Ultra Low Interest Rates Have Hurt Retired Investors

Investors are increasingly focused on the task of finding retirement income. Sadly since 2009, one and two year CD’s have earned much less than 1% a year. On the other hand, inflation has been over 2% a year. The result has been a significant loss of principle as many retirees have had to cash in their CD’s to make up for the income shortfall. Since 2009, most CD’s have lost 6-10% of their purchasing value to inflation.

In this graphic, CD rates have been under the black line (inflation) most of the time since 2002.

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Many income investors have responded to the failure of CD’s in this ultra low interest rate world by investing in diversified income portfolios. Diversification smooths price fluctuations and puts money to work in places that provide income and sometimes appreciation as well. These portfolios are generating income above the rate of inflation and preserving purchasing power but they don’t have the fixed price guarantee of a CD. That is the tradeoff. Fluctuating account value with sufficient income or fixed account value with insufficient income.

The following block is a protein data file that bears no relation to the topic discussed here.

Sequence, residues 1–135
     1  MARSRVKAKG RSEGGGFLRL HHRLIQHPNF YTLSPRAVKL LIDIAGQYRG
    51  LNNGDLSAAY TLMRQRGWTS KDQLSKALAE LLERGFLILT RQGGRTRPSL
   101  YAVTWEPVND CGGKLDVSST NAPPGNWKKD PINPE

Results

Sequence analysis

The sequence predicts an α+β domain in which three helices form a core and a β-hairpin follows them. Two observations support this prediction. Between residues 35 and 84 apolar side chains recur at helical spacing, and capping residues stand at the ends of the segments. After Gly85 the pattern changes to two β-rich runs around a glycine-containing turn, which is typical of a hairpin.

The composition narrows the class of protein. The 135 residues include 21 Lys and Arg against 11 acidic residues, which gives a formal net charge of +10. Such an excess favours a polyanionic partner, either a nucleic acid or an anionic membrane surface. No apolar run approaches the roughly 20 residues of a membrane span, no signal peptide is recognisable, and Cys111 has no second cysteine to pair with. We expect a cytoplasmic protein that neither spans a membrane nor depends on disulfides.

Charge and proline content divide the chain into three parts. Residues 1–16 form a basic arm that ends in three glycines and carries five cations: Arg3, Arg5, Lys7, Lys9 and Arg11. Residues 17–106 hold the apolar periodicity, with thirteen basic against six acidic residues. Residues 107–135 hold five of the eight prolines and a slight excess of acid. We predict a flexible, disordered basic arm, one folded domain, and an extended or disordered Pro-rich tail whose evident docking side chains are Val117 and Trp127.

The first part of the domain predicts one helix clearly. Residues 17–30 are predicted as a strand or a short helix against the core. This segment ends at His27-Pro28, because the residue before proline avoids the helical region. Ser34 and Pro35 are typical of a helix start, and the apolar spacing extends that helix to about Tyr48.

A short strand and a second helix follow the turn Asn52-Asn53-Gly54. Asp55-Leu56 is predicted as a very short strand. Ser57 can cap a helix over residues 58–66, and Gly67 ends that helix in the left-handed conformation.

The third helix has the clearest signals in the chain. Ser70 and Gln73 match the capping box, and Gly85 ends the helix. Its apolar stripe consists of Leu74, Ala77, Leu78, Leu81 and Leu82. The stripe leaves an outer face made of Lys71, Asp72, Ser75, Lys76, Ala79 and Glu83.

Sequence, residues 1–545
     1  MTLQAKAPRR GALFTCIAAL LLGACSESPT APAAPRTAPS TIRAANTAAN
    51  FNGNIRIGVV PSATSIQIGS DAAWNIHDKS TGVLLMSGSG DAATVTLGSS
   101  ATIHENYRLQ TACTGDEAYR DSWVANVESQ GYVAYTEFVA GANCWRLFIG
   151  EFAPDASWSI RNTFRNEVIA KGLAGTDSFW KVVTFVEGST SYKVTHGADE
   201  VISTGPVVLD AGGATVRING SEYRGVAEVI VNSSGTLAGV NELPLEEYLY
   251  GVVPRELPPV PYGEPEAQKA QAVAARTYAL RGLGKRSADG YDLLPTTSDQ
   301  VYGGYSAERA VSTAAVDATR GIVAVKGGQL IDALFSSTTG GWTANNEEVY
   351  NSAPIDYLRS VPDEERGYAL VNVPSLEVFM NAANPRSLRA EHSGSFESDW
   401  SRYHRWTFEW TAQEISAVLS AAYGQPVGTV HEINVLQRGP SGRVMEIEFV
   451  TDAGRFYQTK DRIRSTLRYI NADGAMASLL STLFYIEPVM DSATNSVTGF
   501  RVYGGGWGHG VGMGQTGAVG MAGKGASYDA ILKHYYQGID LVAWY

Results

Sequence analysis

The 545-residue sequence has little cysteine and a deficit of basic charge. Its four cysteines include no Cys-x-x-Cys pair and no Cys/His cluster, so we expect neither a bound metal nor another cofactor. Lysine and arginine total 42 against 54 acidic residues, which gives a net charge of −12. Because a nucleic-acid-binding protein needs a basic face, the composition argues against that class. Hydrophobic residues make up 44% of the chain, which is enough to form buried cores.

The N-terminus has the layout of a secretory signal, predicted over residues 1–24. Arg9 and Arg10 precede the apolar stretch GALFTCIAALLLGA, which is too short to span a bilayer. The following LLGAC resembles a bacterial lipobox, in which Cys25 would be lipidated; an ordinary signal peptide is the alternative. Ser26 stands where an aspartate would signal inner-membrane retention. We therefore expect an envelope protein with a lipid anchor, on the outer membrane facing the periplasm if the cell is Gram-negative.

It is believed by many respected analysts that in the next few years inflation is very likely to make a return. Income investors should be positioned for that. Diversified income investing can offer solutions should interest rates and inflation begin rising and can even look to profit from it. On the other hand, CD investors will have to keep investing short term in ultra-low interest rates until rates get higher. That means more of the same slow loss of purchasing power and draws on principle.